Reading and writing legal documents
This section provides you with practical information about how to prepare legal documents.
It can help you with:
If you have a legal issue, many of the documents you may need to write will require similar skills. Learning these skills can help you write clear and precise legal documents.
For more information about skills that are useful for writing legal documents, see
Reading legal documents
If you need to write a response to a legal document you have received, such as:
- a letter of demand
- a Statement of Claim
- an offer of settlement
- an affidavit,
you need to be able to understand what the legal document you have received says.
For more information on how to read legal documents, see
Reading legal documents.
If you have a legal issue, you may need to write letters to:
- a court or tribunal
- the person you are in dispute with (or their lawyers)
- third parties.
Letters can be written for a number of reasons, including to:
- offer settlement
- make demands, (for example, for the payment of money)
- ask for a change in a timetable or orders made by a court.
For more information on how to write different types of letters, see
Affidavits, statements and statutory declarations
If you have a legal issue, you may need to prepare evidence to support your side of the case. Affidavits, statements and statutory declarations may be used as evidence. The things you should write in an affidavit, statement or statutory declaration will depend on the type of case you are involved in, and what you are trying to prove.
For more information on what to include in these documents and how to write them, see
Affidavits, statements and statutory declarations.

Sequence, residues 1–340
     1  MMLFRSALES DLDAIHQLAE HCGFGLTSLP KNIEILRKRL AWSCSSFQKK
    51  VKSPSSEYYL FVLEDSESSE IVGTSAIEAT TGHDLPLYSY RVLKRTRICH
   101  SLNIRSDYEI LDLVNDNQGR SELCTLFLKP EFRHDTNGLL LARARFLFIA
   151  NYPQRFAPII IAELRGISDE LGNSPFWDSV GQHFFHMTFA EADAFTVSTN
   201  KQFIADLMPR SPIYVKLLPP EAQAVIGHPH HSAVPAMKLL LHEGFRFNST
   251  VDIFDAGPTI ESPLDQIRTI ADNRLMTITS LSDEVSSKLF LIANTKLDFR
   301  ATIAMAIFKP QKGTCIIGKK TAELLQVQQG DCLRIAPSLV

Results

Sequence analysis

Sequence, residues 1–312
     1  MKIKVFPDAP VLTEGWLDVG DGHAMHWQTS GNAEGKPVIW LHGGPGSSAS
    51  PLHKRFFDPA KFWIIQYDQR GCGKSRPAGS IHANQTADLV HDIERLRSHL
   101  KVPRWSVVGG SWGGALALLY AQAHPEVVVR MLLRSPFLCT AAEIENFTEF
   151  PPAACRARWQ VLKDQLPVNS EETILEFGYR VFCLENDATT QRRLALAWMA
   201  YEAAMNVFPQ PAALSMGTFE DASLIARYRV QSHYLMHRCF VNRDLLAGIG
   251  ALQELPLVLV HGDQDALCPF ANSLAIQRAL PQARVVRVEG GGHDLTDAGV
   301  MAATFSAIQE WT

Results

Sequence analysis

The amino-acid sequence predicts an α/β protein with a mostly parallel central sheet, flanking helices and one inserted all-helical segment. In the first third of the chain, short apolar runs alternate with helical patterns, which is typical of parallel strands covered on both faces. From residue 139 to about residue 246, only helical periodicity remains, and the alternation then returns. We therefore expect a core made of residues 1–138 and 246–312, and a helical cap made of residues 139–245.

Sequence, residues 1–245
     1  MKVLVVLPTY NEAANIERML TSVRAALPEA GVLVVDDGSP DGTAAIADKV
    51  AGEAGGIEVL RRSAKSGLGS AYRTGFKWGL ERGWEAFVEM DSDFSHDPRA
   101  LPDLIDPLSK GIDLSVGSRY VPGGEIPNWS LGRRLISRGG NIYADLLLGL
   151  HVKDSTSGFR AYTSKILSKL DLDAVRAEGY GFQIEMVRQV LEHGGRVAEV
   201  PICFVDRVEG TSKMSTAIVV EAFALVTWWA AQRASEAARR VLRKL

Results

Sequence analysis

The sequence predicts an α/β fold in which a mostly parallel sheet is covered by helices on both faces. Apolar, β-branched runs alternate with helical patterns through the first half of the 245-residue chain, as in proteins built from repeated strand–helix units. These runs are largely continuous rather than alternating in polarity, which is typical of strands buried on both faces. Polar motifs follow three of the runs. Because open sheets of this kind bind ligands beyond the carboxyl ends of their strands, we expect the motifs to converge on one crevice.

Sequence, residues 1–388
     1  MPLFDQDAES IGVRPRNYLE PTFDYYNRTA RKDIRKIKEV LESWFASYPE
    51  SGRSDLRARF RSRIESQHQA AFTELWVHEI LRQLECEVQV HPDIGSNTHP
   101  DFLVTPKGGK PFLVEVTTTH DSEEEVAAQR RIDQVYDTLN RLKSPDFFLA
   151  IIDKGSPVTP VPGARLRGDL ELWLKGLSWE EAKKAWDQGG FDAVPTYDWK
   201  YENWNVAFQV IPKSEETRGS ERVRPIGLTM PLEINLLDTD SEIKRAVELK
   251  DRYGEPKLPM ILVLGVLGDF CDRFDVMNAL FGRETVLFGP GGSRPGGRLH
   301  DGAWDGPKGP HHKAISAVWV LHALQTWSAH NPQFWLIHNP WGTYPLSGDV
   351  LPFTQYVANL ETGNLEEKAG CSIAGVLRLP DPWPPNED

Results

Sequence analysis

If a person or organisation has documents that you need for your court case, you should contact them and ask them to provide you with copies of the documents. If they will not, or cannot, give you copies of the documents, you may need to apply for a subpoena.
A subpoena is a court order that tells a person to:
- provide another person with documents and/or information
- attend court as a witness.
This section covers:
- who can apply for a subpoena
- what should be in a subpoena
- what should not be in a subpoena
- filing and serving a subpoena
- short service of a subpoena
- conduct money
- complying with a subpoena
- inspecting documents produced under subpoena
- objecting to a subpoena
- what happens to documents or things produced to the court.
For more information, see Subpoenas.
Agreements and settlements
Many cases (both before they get to court and during court) end with both parties agreeing to settle their differences. If you settle your case, or reach agreement with the other party, you can put your agreement in writing.
For more information on how to do this, see
Agreements and settlements.
Emails and faxes
Sometimes you may need to send documents or letters by email or fax. There are things you should think about when sending an email or fax, and certain information you should include.
For more information, see
Emails and faxes.